Why is Q Always Followed by U?: Word-Perfect Answers to the Most-Asked Questions About Language Hardcover – 2 Jul 2009
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'He tracks down a phrase and pins it down with a wit as sharp as a tack' Metro 'Like being drawn into a great detective story, full of red herrings and bogus alibis' Mail on Sunday 'A marvellous and original book, erudition without tears' Spectator
About the Author
Michael Quinion, author of the bestselling Port Out, Starboard Home, has always been fascinated by language. His lexophilia really began in earnest in 1991, when, realising so many new words were missing from the Oxford English Dictionary, he started sending examples of them to the editors. He eventually became an official freelance reader and in the past sixteen years, he has sent in over 160,000 citations. Not satisfied with merely helping the OED, Michael Quinion set up his own language website in 1997, worldwidewords.org. The site has become a huge success as people all over the world ask Michael to tease out the truth behind the quirks of our language.
Top customer reviews
Downside: a number of queries about meanings or origins had a response that devolved to the equivalent of, "Don't know."
Re: Amazon.uk. Ordering, shipping and receipt were easy and quick. It also seems Amazon maintains a global sign-on that helps.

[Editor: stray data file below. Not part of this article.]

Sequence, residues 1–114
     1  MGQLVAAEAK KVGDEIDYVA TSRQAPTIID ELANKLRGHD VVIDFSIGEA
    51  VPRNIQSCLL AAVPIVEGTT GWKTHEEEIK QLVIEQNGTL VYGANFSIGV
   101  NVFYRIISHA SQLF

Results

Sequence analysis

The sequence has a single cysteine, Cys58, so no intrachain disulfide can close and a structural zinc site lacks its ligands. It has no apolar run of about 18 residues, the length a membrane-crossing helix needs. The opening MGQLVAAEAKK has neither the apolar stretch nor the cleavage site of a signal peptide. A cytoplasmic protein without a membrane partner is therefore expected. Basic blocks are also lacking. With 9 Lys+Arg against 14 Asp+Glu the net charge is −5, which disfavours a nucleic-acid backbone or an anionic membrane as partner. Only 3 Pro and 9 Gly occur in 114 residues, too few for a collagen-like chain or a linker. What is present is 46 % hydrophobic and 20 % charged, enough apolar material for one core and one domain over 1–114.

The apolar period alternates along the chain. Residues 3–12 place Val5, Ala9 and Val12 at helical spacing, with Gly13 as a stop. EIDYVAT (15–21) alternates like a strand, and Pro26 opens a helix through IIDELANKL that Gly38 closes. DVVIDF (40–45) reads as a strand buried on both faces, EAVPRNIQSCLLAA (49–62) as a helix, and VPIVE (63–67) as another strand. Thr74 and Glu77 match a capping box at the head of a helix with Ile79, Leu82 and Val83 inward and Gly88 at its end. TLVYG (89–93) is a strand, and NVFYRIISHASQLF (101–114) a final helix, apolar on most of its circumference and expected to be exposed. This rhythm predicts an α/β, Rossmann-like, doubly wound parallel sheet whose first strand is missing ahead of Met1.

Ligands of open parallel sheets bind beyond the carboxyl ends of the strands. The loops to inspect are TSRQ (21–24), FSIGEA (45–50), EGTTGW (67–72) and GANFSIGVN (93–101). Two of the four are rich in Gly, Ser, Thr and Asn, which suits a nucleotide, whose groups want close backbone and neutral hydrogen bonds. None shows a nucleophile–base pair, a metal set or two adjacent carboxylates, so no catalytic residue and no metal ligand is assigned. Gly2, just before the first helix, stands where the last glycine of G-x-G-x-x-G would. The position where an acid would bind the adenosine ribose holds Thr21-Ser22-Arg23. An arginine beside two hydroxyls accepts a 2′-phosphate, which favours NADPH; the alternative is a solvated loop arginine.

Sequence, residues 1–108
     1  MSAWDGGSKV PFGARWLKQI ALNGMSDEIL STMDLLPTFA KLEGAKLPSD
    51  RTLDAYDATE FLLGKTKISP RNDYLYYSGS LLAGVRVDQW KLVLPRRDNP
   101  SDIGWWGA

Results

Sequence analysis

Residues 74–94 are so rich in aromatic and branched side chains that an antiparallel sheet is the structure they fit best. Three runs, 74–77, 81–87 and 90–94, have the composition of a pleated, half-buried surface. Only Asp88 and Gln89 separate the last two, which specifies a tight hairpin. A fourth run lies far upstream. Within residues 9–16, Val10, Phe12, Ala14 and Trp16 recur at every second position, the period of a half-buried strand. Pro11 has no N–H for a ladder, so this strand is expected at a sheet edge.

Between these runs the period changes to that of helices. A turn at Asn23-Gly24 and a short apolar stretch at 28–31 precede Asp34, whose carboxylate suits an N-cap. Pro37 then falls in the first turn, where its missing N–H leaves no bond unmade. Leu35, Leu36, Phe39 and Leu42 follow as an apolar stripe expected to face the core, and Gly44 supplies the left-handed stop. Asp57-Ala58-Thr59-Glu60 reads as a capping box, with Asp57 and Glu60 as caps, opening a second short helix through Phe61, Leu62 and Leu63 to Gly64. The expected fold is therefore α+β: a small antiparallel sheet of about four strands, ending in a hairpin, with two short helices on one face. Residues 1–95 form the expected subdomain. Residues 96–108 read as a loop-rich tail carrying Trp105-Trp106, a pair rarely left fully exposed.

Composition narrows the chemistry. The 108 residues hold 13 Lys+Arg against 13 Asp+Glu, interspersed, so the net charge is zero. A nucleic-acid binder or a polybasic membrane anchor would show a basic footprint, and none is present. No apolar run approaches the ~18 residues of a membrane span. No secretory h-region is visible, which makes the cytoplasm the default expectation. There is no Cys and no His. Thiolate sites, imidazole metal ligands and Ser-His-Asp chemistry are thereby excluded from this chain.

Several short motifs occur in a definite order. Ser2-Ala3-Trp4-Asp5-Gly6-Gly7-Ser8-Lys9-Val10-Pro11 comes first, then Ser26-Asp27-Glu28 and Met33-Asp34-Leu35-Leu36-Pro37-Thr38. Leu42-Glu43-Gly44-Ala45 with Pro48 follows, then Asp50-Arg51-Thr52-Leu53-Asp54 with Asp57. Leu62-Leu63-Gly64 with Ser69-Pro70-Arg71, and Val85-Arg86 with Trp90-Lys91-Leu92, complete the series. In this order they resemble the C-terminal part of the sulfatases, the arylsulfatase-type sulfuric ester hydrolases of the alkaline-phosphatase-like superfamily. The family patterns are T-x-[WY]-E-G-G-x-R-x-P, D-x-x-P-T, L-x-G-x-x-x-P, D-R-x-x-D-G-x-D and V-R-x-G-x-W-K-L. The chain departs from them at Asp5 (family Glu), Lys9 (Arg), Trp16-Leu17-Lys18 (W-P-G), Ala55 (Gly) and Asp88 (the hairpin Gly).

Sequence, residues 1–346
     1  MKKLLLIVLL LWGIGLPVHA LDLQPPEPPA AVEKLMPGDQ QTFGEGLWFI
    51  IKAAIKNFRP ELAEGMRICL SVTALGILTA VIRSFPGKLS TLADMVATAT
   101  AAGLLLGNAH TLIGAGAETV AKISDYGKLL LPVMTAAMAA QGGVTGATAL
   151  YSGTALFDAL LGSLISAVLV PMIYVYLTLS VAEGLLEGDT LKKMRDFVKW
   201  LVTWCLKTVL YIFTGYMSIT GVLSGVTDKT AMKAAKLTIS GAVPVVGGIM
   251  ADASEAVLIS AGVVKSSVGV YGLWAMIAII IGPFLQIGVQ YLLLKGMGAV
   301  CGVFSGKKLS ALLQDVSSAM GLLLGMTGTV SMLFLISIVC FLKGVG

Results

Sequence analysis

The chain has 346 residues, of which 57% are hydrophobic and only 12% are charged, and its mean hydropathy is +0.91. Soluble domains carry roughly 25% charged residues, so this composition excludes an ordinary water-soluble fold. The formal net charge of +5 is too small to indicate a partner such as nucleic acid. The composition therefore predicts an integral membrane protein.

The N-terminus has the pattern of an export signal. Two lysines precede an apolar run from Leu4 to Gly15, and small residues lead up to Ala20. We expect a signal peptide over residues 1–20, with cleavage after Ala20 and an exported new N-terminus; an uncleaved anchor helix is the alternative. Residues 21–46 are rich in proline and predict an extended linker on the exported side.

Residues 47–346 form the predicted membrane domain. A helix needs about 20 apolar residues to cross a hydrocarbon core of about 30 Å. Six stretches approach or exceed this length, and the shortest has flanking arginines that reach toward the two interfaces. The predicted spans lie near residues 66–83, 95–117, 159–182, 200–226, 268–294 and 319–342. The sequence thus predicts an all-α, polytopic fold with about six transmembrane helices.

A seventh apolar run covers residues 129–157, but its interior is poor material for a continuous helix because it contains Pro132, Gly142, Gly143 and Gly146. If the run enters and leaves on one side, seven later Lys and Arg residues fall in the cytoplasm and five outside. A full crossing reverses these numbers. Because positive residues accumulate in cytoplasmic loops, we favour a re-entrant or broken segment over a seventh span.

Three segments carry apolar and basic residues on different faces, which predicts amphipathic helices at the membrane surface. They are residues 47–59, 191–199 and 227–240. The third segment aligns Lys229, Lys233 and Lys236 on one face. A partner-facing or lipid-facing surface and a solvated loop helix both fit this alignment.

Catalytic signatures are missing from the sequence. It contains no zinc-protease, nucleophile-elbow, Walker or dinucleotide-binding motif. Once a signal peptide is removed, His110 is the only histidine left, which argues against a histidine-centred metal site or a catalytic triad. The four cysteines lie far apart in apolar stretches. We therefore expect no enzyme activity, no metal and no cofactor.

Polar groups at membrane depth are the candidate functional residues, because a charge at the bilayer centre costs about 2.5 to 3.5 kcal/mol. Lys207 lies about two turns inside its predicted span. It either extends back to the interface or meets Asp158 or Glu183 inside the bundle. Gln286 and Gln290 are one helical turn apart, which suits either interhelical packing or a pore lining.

This book is a collection of some of the queries that have been sent in to him for that newsletter. For most of us it isn't something to sit and read through start-to-finish, rather something to dip into for a few minutes at a time - but those minutes will be well spent. You'll learn a lot, and enjoy yourself at the same time.
The difference to many other books on the subject is that you know the entries are properly researched.
Seek out Michael Quinion's other books, and visit his website <www.worldwidewords.org> where you can find a search function if there are any etymologies you'd like to check.
I'd also recommend subscribing to his weekly newsletter, which you can do via the website.
The 2-star review here 'Non-answers to questions' completely misses the point. My reply to that review was:
I don't buy linguistic works to plough through..." ... bunkum, hearsay and under-researched 'facts & trivia' that appear to be copied from e-mail chains. I want to read books on word and phrase history that provide investigations and give full explanations.
It doesn't matter if we are yet to find the true etymology of a word or phrase; I'm more than pleased to see claptrap from other books disproved.
To be fair I've mildly enjoyed dipping into it - but I'm glad it was given to me by a friend rather than my forking out good money for it.
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